Hispanic business merits further study
Ventura County’s lead universities are taking a close look at developing a new business program to educate a new generation of Hispanic entrepreneurs.
The outreach effort got off to a strong start on Jan. 13 when California Lutheran University’s School of Business Dean Chuck Maxey hosted a presentation by Santiago Ibarreche, head of the Center for Hispanic Entrepreneurship at the University of Texas at El Paso, or UTEP.
Ibarreche’s talk on the development of his center focused on the need to develop strong relations with local Hispanic leaders, policy makers, economic development types and, yes, even the media.
“We’re putting entrepreneurship on the front burner,” said Maxey, who indicated that CLU will be expanding course offerings aimed at arts and sciences majors, at social entrepreneurship and at the Hispanic community.
The talk by Ibbareche program struck a responsive chord with a large contingent from California State University, Channel Islands, whose own programs already have a strong entrepreneurship bent. The UTEP program focuses on a couple of areas of interest to the Tri-Counties, notably:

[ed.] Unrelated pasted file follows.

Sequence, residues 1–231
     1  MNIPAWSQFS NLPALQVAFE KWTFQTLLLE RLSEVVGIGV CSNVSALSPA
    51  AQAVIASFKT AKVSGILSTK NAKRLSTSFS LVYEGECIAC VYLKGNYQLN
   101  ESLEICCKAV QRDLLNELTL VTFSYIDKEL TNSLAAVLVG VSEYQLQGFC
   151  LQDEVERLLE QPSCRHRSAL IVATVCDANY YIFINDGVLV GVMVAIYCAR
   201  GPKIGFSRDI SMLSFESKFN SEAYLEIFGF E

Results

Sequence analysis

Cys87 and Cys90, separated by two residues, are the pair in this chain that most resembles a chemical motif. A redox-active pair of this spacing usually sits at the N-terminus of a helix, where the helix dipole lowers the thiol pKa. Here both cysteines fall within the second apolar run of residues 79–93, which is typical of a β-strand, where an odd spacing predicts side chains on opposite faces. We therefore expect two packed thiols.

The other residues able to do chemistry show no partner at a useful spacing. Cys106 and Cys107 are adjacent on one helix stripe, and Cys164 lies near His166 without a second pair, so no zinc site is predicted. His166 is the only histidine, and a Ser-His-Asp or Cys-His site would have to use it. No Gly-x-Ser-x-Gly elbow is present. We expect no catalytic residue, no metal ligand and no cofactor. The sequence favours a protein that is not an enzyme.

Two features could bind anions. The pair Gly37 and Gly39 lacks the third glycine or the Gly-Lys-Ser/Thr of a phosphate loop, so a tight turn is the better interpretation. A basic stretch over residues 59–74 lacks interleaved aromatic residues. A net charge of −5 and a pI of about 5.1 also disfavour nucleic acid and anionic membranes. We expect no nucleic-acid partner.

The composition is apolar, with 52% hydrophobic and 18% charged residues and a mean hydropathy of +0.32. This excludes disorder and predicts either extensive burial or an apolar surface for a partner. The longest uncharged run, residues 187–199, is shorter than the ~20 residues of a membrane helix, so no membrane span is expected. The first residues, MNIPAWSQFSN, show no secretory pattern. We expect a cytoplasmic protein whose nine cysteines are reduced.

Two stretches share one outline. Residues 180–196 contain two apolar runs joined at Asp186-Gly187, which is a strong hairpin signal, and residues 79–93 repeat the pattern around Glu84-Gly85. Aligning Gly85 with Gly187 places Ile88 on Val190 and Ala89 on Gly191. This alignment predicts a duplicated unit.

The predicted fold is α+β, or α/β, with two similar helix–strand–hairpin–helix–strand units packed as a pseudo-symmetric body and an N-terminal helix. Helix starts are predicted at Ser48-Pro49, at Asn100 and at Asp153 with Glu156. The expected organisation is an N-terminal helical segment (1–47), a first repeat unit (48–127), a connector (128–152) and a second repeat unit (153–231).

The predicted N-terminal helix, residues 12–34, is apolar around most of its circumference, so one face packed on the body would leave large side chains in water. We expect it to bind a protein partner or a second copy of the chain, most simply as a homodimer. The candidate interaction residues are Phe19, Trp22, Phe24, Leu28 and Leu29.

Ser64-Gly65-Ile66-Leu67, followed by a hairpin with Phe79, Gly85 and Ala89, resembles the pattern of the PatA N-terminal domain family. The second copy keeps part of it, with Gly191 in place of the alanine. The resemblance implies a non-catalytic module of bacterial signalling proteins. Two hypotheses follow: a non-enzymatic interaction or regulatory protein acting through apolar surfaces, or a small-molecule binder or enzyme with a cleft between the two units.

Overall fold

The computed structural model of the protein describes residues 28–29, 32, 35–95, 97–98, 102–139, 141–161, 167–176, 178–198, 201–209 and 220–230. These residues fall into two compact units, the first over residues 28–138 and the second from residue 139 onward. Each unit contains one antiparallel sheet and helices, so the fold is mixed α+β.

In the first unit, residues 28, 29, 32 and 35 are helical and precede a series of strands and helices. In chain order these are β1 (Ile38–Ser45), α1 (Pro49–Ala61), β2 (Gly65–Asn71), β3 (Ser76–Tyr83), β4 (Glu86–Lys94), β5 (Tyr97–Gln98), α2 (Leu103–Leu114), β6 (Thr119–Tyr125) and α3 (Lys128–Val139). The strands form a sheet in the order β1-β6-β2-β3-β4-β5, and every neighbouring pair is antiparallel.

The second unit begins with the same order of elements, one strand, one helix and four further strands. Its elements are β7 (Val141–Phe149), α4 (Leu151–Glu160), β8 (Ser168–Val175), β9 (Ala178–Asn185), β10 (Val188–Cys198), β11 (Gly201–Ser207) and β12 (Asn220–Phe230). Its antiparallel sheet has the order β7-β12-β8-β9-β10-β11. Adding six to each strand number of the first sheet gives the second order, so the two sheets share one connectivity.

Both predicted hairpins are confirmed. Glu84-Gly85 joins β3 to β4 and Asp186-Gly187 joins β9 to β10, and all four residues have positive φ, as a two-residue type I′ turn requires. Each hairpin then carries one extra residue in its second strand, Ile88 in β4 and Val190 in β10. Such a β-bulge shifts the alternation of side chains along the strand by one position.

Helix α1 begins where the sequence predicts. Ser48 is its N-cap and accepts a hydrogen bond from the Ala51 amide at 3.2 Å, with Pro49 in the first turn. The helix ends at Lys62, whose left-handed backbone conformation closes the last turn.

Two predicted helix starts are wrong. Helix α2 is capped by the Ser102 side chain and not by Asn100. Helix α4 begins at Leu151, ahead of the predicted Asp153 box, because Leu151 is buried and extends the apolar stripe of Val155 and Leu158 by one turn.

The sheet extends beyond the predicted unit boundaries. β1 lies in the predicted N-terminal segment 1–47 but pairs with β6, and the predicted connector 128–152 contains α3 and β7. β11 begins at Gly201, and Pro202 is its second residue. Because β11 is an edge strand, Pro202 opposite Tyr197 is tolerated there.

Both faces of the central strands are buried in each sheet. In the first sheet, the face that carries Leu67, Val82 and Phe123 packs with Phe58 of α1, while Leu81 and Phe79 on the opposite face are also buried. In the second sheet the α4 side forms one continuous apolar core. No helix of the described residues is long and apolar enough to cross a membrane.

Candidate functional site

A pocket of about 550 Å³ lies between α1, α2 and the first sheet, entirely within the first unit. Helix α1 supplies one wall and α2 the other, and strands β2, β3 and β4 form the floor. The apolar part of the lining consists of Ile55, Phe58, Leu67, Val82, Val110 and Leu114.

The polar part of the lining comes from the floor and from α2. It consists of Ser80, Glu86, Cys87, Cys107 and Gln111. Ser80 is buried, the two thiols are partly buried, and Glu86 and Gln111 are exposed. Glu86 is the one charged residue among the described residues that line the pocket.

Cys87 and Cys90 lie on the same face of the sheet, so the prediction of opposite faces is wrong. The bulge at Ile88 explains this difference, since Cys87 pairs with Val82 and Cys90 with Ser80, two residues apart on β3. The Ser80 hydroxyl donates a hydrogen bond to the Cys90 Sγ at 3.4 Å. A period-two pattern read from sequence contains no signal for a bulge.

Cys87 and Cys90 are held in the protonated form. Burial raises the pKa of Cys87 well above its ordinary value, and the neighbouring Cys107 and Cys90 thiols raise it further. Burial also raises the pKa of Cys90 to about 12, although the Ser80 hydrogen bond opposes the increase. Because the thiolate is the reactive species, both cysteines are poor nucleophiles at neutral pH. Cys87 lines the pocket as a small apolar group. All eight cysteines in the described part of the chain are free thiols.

• Family business programs. From Urquidez Contstruction in Santa Ynez to Familia Diaz in Santa Paula, many of our most successful Hispanic-owned companies are also family-owned.
• Oral history. Let’s not forget that prior to the mid-1800s, every business in the Tri-Counties was a Hispanic business. Going back to the Spanish land grants, we have a rich heritage that is worth preserving and that still defines a lot of the culture of business in the Tri-Counties.
• Leveraging chamber of commerce relationships. We have two active Hispanic chambers and several successful Hispanic business groups within others. It should be a snap to get these organizations involved.
Having California Lutheran University, perhaps in partnership with California State University, Channel Islands, lead the way in creating new programs for Hispanic entrepreneurs is a great way to start off the New Year. Their efforts are worthwhile and should be replicated throughout the Tri-Counties, as outreach promises big dividends for the regional economy down the road.
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